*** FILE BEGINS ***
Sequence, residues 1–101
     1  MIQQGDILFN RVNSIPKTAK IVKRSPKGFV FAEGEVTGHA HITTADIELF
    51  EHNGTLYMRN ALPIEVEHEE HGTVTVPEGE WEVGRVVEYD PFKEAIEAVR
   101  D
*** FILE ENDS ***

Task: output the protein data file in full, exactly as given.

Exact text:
Sequence, residues 1–101
     1  MIQQGDILFN RVNSIPKTAK IVKRSPKGFV FAEGEVTGHA HITTADIELF
    51  EHNGTLYMRN ALPIEVEHEE HGTVTVPEGE WEVGRVVEYD PFKEAIEAVR
   101  D